It isn’t fair.
I was served one of the best burgers I’ve ever eaten – certainly the best in many years. And the restaurant is some 400 miles from where I live. I’m sure my cardiologist would say that’s about the right distance. But it just isn’t fair.
We were in Winters for a short day trip while visiting family in Sacramento. It’s a lovely ride through farm country – red tail hawks on the fence posts and utility poles; long, straight plowed rows waiting the next planting.
Buckhorn Steakhouse was the first restaurant we saw as we drove into the historic downtown area. It’s open only for dinner. The Putah Creek Café, right across the street, is owned by the same couple. It’s opened for breakfast and lunch every day and dinner Thursday through Sundays.
The lunch menu was tantalizing. Up top is a “thinly sliced medium rare Buckhorn char-roasted sirloin tri-tip sandwich with carmelized onions on a rustic French roll.” Fortunately, I didn’t stop reading there. (Nor did I offer to correct the spelling of caramelized.)
Jennifer bounced back and forth between several options on the menu and finally landed on the Santa Fe Mexican Corn Pie, “roasted chiles, cheese and corn baked together and topped with sour cream.”
I kept looking and marveling at how packed the restaurant was at lunch time in the middle of the week. Off season for tourism, so these clearly were locals.
The “open-faced char-roasted sirloin tri-tip over hot grilled sourdough bread with mashed potatoes and gravy” seemed like a good place to stop. And I would have if my eyes hadn’t drifted down to the list of burgers. I went for the most basic burger – no bacon and no cheese in a kind of a nod to my cardiologist.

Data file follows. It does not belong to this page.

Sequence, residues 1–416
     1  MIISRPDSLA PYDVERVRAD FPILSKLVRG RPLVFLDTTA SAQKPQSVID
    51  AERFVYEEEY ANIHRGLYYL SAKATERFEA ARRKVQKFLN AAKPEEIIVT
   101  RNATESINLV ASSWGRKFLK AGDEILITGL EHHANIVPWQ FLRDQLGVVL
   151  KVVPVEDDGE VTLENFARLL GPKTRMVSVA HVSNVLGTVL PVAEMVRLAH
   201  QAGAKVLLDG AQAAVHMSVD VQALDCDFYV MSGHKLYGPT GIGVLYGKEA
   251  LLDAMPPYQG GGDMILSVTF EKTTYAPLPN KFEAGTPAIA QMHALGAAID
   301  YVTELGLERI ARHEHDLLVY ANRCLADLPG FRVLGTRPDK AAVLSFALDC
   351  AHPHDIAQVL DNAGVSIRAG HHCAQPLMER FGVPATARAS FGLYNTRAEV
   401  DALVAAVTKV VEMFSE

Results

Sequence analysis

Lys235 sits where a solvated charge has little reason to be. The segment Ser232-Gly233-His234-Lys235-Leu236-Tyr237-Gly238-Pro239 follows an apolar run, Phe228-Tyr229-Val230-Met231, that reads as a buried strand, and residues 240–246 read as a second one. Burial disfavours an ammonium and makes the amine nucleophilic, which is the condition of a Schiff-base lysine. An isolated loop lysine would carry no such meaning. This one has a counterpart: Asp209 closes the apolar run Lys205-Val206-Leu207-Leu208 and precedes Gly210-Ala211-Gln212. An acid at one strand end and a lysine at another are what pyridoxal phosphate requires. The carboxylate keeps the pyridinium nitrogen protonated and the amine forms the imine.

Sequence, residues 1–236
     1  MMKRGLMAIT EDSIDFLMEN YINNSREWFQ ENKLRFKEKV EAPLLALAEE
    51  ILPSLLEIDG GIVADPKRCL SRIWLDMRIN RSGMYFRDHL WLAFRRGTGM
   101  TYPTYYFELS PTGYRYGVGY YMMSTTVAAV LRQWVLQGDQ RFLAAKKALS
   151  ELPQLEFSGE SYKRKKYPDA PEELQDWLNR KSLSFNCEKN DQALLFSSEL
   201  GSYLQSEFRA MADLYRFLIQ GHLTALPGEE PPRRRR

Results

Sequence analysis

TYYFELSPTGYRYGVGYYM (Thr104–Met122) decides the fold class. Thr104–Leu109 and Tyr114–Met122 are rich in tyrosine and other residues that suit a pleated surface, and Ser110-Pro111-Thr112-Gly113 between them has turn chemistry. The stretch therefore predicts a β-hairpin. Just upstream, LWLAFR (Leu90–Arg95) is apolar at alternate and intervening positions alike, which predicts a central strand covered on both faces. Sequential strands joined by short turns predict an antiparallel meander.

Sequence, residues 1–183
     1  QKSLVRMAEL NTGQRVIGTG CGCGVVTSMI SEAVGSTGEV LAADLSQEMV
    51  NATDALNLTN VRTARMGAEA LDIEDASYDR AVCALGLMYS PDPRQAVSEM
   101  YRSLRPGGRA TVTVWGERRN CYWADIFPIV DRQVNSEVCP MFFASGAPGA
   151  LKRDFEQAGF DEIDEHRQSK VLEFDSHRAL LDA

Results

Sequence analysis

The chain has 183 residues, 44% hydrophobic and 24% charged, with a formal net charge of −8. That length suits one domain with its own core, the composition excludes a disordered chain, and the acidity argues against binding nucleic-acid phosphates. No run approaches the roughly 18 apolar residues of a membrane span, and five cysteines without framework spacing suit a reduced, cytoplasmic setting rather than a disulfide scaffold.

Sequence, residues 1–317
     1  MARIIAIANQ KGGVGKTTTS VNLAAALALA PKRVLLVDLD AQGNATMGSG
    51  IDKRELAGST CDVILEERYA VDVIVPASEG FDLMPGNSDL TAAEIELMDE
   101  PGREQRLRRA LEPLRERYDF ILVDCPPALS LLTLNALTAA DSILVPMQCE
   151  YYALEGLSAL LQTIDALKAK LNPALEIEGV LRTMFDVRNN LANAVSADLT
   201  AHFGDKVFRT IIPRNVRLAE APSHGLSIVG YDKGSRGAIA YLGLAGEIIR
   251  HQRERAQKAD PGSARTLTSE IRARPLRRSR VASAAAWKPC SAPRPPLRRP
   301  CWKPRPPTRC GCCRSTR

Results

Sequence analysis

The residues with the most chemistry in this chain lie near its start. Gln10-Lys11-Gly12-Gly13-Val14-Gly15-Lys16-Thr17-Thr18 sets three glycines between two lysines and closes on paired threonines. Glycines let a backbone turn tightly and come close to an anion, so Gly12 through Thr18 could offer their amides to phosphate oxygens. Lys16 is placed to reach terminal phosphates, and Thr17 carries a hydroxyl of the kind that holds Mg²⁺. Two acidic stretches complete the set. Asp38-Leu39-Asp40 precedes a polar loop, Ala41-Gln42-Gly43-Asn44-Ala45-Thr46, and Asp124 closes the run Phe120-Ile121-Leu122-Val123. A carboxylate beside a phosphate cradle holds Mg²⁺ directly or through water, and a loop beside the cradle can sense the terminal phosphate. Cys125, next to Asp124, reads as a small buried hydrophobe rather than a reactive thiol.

What hooked me was the description of how they grind their own Angus beef each day, form the 8-ounce beef patties as they are ordered, cook the burgers on a grill top and serve them on a sesame seed bun. With lettuce, tomato and onion, this burger is a home run – nicely charred on both sides and perfectly rare on the inside. The flavors recalled burgers of years gone by.
As a bonus, all deserts are made on the premises, including the apple pie ala mode I had after my burger.
The breakfast menu is every bit as alluring as the lunch offerings. Every restaurant instinct in me says it would be worth an early trip to join the farmers and locals for breakfast. If the burgers give any clue, the homemade country sausages must be off the charts.
I have my favorite burger places in L.A. But Putah Creek Cafe topped all the current ones. But it’s 400 miles from home. Darn. I can hang onto the fact that with family and business bringing me to Sacramento frequently, maybe it isn’t that far afterall.
If you ever spend a few days visiting Sacramento, which is a great idea in itself, take a 40-minute jaunt west to Winters, turn left on Railroad to the intersection of Railroad and Main. And hunker down to some great American comfort food.